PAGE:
Landscape urbanism plays an important role in the City Creek Center project in Salt Lake City. Redeveloping the aging and failing retail center into a mix of dense residential, office and retail spaces was an urban design challenge and required rescaling the super-sized blocks of Salt Lake City to be comfortable at the pedestrian scale. As the first project in a city-wide revitalization effort known as Downtown Rising, our video, “Reconnecting Downtown Salt Lake City” highlights the essence of the project and process. 

Perhaps the most pedestrian friendly area of the city, the adjacent headquarters of the Church of Latter Day Saints of Jesus Christ and nearby convention centers attract a variety of events and people with nowhere to go up — until now.

While many may have looked at the large 660ft superblocks or the 120ft street right of ways as large obstacles to overcome, our design team and the ownership believed the blocks held great opportunity. By bisecting the blocks and filling in with this urban landscape, there was a tremendous opportunity to insert a pedestrian layer that complements existing transit flows of automobiles, mass transit, and light rail. The existing urban fabric did not have to completely change and go away but rather this new pedestrian layer could be inserted into the old and a new scale, a new texture, and a new sense of urbanism could come into Salt Lake City.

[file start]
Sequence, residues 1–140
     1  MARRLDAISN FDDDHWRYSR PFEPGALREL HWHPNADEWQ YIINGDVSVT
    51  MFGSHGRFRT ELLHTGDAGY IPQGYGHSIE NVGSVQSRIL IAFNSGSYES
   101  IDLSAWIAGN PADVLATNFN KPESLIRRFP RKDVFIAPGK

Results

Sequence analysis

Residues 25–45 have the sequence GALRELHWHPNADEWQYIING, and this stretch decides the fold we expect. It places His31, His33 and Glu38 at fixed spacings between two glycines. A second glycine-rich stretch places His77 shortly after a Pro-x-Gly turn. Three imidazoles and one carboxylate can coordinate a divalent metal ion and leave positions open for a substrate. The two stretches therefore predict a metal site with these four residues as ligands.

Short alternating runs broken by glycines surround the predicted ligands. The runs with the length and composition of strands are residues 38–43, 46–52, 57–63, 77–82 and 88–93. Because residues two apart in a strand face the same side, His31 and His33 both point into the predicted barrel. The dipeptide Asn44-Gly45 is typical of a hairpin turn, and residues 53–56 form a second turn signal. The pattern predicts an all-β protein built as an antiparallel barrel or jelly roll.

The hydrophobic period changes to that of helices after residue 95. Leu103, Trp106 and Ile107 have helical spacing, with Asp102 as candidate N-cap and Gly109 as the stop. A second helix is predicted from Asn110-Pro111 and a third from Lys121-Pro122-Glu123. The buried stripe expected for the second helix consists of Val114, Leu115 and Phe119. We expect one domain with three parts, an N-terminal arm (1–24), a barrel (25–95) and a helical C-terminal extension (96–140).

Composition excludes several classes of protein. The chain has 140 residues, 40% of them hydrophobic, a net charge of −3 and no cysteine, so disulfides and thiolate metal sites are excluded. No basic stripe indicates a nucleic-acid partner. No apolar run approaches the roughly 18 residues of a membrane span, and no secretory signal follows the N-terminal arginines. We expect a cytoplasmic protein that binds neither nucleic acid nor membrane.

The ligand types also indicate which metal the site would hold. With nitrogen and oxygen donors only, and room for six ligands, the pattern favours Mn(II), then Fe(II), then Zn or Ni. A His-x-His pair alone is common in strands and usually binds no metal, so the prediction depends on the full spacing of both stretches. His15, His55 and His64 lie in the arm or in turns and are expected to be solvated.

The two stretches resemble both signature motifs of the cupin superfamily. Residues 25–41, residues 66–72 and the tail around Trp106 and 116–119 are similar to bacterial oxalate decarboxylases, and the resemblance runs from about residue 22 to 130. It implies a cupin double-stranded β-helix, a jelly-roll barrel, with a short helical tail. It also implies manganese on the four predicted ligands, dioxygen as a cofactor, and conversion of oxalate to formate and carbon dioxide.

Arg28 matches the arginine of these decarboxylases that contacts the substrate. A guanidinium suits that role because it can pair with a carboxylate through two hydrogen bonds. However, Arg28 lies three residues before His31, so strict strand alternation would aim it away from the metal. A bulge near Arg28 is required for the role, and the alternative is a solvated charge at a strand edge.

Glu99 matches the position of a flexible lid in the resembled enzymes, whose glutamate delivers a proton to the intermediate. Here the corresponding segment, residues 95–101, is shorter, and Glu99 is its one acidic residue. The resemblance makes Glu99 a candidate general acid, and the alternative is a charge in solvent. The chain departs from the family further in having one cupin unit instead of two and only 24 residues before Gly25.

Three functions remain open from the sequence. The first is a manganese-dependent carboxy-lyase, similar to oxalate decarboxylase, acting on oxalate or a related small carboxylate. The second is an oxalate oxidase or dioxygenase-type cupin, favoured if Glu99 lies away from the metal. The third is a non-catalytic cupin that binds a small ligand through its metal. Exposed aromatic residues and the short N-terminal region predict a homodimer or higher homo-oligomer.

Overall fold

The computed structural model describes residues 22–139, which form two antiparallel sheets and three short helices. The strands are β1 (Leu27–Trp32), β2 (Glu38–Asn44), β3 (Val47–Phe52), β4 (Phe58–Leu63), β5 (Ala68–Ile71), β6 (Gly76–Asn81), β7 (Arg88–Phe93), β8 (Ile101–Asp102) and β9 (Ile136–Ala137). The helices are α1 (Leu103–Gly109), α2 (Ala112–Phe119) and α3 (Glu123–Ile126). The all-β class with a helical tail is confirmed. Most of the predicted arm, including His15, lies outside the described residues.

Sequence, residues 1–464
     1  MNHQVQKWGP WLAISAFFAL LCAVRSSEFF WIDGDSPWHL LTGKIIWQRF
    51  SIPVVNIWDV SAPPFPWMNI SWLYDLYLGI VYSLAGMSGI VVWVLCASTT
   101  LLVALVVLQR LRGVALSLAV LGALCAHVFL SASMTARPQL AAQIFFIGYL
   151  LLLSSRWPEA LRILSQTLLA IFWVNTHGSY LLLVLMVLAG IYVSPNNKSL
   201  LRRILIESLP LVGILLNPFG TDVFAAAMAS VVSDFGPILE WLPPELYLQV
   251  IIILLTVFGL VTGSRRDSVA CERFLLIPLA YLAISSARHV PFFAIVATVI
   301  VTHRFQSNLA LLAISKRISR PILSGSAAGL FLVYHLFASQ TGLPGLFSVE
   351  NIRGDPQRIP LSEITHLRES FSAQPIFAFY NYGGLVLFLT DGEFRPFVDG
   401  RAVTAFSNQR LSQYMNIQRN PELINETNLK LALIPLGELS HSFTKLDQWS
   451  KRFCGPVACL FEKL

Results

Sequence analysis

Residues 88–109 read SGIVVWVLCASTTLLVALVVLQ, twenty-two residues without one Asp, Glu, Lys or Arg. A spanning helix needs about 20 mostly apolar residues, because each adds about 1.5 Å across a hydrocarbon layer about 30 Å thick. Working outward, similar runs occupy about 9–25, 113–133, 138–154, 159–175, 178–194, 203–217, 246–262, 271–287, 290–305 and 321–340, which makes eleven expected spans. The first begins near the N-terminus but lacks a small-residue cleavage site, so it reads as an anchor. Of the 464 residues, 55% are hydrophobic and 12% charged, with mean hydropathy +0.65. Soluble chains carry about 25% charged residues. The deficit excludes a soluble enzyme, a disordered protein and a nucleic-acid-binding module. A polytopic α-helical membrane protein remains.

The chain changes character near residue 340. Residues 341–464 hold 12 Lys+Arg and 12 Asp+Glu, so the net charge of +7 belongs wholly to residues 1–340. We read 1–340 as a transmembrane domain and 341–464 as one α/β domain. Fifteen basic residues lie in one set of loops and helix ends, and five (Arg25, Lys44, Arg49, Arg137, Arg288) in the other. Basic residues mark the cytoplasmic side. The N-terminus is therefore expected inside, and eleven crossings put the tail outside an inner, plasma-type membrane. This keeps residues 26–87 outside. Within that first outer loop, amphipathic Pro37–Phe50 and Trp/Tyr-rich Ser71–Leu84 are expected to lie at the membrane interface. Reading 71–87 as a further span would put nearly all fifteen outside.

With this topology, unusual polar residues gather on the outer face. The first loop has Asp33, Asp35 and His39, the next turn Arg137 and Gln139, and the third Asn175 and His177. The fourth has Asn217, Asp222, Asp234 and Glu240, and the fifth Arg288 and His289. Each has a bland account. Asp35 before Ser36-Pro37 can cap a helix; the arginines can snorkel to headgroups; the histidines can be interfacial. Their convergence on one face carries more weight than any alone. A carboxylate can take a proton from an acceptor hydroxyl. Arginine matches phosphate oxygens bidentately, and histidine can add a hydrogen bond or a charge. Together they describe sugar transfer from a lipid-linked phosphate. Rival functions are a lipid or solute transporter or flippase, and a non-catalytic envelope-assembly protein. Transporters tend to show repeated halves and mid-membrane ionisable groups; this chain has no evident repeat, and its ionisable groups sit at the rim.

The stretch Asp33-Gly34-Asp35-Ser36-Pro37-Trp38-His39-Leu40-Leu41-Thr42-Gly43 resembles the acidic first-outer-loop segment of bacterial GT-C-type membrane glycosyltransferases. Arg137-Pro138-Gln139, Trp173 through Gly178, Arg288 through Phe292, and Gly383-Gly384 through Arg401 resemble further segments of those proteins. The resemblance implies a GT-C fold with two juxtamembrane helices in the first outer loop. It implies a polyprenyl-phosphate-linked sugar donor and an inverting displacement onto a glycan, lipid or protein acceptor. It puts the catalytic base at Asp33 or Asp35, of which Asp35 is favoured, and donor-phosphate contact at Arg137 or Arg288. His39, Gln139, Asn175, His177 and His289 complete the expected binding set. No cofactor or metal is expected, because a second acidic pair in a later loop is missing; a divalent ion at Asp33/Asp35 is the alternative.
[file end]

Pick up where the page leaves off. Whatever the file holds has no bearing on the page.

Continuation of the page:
Aside from retail success, a recreation of the real  City Creek on the site was of utmost importance to the client and owner groups. With landscape as the thread that ties the project together, the project accomplished both.


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